The following events occurred in August 1945:
The Invasion of South Sakhalin, also called the Battle of Sakhalin, was the Soviet invasion of the Japanese territorial portion of Sakhalin island known as Karafuto Prefecture. The invasion was part of the Soviet–Japanese War.
The 91st Division was an infantry division in the Imperial Japanese Army. Its call sign was the Future Division. It was created 12 April 1944 in Paramushiro. The nucleus for the formation was the 1st Kuril Islands Garrison Group. It was an oversized type C(hei) security division, with its constituent brigades consisting of six infantry battalions each from July 1944. Highly unusually, the division had two artillery regiments.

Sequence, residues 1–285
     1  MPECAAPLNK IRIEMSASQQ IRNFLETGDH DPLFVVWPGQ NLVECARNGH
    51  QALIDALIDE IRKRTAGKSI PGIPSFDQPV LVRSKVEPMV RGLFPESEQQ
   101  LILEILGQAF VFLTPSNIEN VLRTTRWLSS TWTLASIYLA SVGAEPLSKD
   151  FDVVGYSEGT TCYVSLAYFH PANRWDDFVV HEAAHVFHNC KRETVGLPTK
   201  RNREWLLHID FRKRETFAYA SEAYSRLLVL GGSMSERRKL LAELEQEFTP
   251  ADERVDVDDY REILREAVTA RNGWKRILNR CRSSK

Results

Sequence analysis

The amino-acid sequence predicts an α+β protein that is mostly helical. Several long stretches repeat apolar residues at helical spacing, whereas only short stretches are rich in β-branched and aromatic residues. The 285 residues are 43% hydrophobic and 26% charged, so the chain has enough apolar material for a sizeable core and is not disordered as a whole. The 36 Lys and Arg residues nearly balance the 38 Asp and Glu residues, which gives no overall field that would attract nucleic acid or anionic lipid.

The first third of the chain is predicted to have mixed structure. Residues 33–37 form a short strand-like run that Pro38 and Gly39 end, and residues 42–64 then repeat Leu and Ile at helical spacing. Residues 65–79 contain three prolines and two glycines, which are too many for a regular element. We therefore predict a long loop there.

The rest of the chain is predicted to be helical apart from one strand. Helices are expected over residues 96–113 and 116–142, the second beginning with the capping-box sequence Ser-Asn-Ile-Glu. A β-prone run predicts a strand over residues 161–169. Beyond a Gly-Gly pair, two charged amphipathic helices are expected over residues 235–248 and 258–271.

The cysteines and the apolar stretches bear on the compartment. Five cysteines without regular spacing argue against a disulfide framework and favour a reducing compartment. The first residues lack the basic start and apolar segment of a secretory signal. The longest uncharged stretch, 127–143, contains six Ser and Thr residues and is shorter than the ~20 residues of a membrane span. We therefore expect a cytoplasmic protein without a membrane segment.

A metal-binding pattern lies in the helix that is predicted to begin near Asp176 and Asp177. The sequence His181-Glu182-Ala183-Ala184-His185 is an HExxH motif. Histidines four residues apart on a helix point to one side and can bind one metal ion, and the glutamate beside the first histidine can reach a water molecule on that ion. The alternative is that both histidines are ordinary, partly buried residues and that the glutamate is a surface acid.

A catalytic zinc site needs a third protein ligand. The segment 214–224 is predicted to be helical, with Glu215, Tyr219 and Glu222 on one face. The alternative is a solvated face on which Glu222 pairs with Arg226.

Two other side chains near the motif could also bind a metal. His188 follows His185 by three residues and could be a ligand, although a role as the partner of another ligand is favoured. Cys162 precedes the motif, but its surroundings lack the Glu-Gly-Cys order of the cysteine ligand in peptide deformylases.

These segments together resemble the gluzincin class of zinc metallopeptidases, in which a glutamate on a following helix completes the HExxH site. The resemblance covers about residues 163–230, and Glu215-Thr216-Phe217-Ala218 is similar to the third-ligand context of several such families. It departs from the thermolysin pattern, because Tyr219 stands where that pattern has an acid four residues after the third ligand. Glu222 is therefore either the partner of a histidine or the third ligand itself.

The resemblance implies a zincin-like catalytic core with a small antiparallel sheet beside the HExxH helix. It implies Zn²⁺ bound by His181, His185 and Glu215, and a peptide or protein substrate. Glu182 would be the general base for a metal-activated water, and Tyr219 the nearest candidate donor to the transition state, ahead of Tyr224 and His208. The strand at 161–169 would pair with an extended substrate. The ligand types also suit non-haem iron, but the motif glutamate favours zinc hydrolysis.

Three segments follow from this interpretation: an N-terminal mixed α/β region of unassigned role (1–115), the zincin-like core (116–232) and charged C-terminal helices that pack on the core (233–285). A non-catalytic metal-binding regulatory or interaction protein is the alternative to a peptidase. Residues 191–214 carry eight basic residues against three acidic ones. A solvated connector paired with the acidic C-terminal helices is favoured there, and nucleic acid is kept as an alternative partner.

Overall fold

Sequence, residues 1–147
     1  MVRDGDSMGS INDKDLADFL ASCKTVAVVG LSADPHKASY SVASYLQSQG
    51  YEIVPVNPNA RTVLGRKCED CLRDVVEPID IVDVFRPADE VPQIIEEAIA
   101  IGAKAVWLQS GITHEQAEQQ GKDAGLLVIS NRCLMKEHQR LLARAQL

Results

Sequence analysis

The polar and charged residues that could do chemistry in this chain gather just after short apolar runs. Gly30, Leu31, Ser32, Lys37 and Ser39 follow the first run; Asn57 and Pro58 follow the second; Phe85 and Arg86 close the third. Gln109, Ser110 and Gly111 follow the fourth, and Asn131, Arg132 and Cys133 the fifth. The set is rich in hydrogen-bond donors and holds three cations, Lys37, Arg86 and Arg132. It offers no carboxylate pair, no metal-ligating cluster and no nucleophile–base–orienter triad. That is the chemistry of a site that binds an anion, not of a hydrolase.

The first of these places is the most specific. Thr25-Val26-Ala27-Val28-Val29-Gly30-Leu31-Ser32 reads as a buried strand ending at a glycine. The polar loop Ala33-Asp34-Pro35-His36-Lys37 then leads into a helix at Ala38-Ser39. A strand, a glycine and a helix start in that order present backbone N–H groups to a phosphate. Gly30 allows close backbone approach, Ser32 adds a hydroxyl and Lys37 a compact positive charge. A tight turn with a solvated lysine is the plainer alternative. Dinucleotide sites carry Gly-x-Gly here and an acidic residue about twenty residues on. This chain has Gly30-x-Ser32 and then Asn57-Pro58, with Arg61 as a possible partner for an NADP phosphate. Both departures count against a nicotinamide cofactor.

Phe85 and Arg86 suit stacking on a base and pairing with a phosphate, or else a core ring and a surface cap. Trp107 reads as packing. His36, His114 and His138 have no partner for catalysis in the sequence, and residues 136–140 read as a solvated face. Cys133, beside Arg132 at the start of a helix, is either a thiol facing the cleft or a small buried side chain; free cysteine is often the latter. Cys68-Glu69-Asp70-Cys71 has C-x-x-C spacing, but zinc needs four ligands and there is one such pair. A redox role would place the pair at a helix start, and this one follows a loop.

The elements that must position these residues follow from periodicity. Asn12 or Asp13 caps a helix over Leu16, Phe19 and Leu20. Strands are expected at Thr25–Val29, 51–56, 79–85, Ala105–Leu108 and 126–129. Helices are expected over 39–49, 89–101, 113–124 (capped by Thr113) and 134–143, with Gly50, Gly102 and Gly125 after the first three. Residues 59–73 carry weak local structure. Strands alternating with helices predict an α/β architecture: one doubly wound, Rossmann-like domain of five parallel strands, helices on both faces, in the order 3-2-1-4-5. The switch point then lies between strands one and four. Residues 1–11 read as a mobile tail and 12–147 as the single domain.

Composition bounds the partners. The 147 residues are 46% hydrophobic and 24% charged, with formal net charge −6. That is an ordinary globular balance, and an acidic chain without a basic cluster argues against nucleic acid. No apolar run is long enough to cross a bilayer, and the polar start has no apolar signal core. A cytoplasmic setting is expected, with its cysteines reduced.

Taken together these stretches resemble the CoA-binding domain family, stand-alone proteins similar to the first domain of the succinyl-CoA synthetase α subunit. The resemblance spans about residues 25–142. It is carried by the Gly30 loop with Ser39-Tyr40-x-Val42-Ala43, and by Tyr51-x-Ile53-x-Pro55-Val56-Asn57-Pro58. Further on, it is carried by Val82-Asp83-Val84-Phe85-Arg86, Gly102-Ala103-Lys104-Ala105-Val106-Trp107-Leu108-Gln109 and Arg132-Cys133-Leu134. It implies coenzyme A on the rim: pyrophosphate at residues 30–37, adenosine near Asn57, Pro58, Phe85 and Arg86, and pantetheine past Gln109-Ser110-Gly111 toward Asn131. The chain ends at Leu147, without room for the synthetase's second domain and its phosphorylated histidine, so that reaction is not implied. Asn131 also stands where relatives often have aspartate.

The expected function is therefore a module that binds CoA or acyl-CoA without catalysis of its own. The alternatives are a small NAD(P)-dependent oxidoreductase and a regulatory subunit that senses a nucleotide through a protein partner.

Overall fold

The Empire of Japan entered World War II by launching a surprise offensive which opened with the attack on Pearl Harbor at 7:48 a.m. Hawaiian Time on December 7, 1941. Over the course of seven hours there were coordinated Japanese attacks on the U.S.-held Philippines, Guam and Wake Island and on the British Empire in Borneo, Malaya, Singapore, and Hong Kong. The strategic goals of the offensive were to cripple the U.S. Pacific fleet, capture oil fields in the Dutch East Indies, and maintain their sphere of influence of China, East Asia, and also Korea. It was also to expand the outer reaches of the Japanese Empire to create a formidable defensive perimeter around newly acquired territory.